What’s unique about this is that any X can cause any Y. They do not have to be linked by logic. In fact this is the structure of logic (or as you have learned above, the structure of beliefs). People attempt to make you believe something is logical by stating things using this pattern. An example of this is: Reading this column causes you to realize the value that’s contained in it for you. What’s the X? Reading the column, right? What’s the Y? Realizing the value, true? Now, I ask you, is there really any connection between reading this column and realizing value? If you believe that there is then I have been successful in my use of Cause and Effect. Really, though your mind simply connects that some X (reading the column) causes some Y (realizing value for you). Let me give you another one.

Thinking about how you can use this pattern allows you to determine how much more persuasive you’ll be as you adopt it into your normal language. Again, do you see how using the pattern makes what’s said more persuasive?

Here is a list of words that you can use to link the X and Y together.

AND, AS, WHILE, DURING, SINCE, CAUSES, FORCES, MAKES, ALLOWS, IMPLIES, PROVOKES, LEADS, BRINGS TO PASS, EFFECTUATES, ENABLES, CONSTITUTES, NECESSITATES.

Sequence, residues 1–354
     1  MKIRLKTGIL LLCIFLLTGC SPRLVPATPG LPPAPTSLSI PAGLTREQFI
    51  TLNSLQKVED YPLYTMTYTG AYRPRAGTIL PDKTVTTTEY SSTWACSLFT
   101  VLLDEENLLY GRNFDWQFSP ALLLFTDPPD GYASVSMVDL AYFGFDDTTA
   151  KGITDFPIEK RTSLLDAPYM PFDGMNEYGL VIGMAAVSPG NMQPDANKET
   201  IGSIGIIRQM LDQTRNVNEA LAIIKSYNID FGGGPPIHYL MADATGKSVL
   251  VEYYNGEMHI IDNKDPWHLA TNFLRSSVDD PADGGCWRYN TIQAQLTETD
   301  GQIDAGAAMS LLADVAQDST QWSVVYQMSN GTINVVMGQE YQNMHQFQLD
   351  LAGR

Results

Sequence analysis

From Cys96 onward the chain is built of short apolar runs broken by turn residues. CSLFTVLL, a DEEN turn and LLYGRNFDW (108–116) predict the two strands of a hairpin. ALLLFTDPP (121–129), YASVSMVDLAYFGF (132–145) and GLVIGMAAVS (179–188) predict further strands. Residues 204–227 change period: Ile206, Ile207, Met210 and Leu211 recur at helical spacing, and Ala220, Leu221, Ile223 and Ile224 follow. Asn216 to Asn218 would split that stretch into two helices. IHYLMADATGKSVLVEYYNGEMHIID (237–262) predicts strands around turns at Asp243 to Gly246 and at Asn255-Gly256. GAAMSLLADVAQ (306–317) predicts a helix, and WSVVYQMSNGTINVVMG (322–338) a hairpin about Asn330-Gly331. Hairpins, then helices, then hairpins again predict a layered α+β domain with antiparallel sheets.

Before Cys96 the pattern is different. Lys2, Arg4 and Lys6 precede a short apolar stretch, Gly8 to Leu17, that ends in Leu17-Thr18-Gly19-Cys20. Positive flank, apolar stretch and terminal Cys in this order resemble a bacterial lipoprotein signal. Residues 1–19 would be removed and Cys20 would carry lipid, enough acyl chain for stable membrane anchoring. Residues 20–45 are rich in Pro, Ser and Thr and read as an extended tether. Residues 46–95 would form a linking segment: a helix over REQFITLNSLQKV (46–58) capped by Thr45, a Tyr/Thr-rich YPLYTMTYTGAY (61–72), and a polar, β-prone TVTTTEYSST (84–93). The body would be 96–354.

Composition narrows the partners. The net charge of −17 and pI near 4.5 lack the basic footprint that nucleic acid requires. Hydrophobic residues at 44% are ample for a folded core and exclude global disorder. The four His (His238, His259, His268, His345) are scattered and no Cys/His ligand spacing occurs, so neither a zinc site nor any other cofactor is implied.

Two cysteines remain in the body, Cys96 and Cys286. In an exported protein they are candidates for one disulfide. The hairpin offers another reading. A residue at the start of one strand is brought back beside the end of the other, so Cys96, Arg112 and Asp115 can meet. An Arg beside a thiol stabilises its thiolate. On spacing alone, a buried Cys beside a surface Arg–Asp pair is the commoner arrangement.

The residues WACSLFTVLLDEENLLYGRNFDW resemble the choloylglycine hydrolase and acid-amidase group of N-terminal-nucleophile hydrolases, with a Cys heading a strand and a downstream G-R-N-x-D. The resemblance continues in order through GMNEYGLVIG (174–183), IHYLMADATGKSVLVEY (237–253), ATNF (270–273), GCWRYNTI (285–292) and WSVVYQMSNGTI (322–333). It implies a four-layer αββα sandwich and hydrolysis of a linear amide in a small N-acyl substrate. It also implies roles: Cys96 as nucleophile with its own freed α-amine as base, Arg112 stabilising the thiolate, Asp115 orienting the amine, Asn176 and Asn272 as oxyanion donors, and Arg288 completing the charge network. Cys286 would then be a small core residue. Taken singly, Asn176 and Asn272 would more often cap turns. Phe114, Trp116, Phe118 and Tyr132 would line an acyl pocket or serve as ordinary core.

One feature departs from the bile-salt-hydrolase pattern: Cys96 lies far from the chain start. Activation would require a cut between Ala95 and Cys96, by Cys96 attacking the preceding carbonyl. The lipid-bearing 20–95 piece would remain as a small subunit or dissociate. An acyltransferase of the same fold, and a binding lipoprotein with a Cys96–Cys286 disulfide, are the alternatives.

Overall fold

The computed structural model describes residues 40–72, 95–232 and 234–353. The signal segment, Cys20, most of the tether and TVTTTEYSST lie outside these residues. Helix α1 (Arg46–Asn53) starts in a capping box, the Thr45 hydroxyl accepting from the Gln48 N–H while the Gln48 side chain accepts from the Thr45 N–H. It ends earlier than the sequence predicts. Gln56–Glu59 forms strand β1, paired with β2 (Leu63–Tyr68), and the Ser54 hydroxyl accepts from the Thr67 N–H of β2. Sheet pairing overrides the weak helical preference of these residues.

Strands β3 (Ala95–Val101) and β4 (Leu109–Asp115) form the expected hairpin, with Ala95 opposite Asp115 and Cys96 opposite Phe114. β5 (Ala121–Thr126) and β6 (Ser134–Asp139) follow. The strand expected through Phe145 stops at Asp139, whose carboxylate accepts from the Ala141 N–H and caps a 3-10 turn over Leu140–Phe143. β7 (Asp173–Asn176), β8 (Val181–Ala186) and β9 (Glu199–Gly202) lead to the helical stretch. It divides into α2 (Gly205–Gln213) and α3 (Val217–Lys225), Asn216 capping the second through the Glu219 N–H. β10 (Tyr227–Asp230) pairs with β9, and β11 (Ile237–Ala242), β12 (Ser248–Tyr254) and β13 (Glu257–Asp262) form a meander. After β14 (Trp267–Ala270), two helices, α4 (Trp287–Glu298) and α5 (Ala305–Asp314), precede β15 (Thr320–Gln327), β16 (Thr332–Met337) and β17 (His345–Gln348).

Here’s a few more examples. Desiring to increase your persuasion skills enables you to start to use this pattern. Listening to what I say to you today will allow you to come to the understanding that our firm can assist you in the ways you need most, right now.

Are you beginning to understand how this pattern works? Let me give you an exercise that will help you to perfect your use of this pattern. I’ll list some things that could be considered X’s and some things that could be considered Y’s and you put them together.

X Y

1. Sitting there Buy from us

2. Thinking about what I say Realize the value in our product

3. Listening to your secretary buzz you Go along with our proposal

4. Presenting this to your board Enjoy creating this relationship

5. Thinking about what you really need Hire me

You can mix and match the above X’s and Y’s to practice this exercise. Here’s just one example. Thinking about what you really need right now allows you to enjoy creating this relationship with me.

Let’s move on to another pattern that’s similar to the one I just taught you. It’s called IMPLIED CAUSE AND EFFECT. It is represented like this:

AS X, Y

This pattern simply puts the word that connects the X (cause) and the Y (effect) before the X. This simply implies a connection rather than forces one. An example: As you read each word in this article, you can become aware of the profound positive changes taking place right now in your ability to persuade others gracefully. This sentence then, implies a connection between reading and changing.

You can use this technique just as you can use the X causes Y technique. The major difference between the two is that the implied cause and effectis a bit softer. Some people prefer to start off by using the implied cause and effect and then moving on to straight cause and effect.